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Let's say we have a class that looks like this:

class A 
{ 
    public:
        int FuncA( int x );
        int FuncB( int y );

        int a;
        int b;
};

Now, I know that objects of this class will be laid out in memory with just the two ints. That is, if I make a vector of instances of class A, there will be two ints for one instance, then followed by two ints for the second instance etc. The objects are POD.

BUT let's say the class looks like this:

class B
{ 
    public:
        int FuncA( int x );
        int FuncB( int y );
};

What do objects of this class look like in memory? If I fill a vector with instances of B... what's in the vector? I've been told that non-virtual member functions are in the end compiled as free functions somewhere completely unrelated to the instances of the class in which they're declared (virtual function are too, but the objects store a vtable with function pointers). That the access restrictions are merely at the semantic, "human" level. Only the data members of a class (and the vtable etc.) actually make up the memory structure of objects.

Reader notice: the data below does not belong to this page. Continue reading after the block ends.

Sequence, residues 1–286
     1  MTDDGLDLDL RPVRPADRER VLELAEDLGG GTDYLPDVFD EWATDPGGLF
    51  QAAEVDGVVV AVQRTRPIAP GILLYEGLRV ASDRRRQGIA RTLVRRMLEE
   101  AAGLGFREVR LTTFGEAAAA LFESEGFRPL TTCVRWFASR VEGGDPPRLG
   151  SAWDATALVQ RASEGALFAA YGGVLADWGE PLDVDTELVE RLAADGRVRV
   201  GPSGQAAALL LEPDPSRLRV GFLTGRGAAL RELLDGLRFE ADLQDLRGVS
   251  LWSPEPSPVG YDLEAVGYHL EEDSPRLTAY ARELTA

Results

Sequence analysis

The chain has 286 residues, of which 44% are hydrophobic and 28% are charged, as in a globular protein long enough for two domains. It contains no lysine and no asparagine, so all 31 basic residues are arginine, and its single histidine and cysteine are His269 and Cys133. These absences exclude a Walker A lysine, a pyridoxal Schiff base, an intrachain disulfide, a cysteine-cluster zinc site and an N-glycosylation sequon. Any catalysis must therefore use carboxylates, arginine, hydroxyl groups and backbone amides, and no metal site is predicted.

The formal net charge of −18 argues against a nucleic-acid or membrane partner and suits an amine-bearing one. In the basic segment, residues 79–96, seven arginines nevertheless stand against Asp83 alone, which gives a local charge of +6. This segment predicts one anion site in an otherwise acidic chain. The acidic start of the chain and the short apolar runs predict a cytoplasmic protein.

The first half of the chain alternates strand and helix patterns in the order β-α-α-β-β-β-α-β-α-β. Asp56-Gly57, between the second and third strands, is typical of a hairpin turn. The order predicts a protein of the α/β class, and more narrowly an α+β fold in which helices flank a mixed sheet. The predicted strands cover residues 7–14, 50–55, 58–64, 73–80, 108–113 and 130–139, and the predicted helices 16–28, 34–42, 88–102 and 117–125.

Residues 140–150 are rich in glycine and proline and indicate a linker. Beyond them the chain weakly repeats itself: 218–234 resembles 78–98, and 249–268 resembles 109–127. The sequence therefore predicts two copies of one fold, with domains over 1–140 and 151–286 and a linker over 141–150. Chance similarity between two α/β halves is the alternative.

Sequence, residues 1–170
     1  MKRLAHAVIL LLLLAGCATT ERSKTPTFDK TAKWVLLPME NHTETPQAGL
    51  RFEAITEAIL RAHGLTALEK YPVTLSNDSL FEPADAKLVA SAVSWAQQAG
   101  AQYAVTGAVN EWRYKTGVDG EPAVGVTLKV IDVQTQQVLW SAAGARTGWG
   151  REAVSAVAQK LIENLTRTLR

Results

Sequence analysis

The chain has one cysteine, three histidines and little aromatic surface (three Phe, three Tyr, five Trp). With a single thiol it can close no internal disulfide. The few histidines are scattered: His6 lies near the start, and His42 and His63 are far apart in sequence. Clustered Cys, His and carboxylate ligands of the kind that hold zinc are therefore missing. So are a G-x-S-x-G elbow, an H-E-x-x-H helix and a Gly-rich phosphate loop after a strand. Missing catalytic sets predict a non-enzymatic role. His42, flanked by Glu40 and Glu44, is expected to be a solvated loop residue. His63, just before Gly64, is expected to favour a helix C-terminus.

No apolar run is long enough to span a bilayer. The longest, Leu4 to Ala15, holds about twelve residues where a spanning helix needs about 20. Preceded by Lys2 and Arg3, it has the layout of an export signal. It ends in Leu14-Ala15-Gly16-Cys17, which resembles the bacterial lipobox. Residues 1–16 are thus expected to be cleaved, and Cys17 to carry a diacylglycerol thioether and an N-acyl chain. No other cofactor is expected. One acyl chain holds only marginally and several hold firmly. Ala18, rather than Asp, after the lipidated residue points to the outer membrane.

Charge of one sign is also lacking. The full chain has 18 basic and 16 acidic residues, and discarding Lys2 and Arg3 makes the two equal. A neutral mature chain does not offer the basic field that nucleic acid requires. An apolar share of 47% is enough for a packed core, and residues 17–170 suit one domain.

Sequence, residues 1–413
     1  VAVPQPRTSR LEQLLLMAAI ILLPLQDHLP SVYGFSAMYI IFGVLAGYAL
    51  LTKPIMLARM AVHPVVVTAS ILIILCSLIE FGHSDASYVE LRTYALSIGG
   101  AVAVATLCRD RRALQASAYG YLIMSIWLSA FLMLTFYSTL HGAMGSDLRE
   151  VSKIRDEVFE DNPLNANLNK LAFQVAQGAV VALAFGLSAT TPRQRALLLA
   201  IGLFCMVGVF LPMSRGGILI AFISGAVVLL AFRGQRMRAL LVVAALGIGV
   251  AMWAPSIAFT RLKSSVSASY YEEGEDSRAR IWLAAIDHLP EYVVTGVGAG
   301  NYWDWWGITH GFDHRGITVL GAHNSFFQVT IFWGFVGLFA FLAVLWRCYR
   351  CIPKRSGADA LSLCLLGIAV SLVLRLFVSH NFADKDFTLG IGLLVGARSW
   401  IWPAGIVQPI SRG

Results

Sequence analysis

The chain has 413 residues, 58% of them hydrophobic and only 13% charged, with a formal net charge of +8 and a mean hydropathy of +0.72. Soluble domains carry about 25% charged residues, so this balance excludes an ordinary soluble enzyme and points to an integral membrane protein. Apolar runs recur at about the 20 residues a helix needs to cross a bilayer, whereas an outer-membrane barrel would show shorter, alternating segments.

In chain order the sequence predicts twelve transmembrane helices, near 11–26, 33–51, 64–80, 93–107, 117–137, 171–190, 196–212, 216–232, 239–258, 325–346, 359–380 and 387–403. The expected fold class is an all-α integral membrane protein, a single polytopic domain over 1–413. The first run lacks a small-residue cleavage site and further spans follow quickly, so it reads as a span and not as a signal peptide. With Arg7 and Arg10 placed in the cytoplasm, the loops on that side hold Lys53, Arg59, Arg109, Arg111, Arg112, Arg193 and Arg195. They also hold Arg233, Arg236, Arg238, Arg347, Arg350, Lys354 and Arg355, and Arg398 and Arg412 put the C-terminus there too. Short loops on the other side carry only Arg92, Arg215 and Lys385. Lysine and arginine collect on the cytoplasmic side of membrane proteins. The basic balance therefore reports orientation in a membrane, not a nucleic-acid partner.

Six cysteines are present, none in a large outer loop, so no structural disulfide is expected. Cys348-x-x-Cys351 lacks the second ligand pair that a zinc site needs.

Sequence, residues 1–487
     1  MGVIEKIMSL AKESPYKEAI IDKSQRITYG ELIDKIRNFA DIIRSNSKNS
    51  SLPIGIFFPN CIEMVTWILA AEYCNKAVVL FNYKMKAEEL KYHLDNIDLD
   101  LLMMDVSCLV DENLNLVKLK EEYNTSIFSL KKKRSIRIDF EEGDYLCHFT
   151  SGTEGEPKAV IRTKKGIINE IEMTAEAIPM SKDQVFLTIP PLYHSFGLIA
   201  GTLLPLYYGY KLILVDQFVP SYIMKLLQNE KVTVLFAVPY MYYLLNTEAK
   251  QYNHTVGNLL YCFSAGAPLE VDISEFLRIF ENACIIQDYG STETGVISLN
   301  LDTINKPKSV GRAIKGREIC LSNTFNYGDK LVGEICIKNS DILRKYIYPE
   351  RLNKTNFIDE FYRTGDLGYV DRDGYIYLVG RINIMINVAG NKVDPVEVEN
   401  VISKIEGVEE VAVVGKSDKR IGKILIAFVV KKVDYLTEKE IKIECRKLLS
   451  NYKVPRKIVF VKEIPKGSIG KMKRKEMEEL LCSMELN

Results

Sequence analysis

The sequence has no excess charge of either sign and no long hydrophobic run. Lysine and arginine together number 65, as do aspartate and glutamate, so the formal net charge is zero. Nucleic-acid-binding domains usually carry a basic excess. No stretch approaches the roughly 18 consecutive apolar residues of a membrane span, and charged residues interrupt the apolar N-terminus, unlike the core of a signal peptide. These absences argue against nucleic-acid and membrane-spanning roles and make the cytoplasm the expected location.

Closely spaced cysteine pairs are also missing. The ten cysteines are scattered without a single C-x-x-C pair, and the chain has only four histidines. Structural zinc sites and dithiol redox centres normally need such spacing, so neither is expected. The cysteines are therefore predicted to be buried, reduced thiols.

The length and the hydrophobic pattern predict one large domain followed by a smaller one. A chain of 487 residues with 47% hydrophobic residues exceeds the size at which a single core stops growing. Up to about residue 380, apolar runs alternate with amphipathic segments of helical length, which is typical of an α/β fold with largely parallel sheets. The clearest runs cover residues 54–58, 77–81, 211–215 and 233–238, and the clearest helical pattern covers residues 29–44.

So again, what do objects of class B look like in memory? Is it some kind of placeholder value? Something has to be there, I can take the object's address. It has to point to something. Whatever it is, is the compiler allowed to inline/optimize out these objects and treat the method calls as just normal free function calls? If I create a vector of these and call the same method on every object, can the compiler eliminate the vector and replace it with just a bunch of normal calls?

I'm just curious.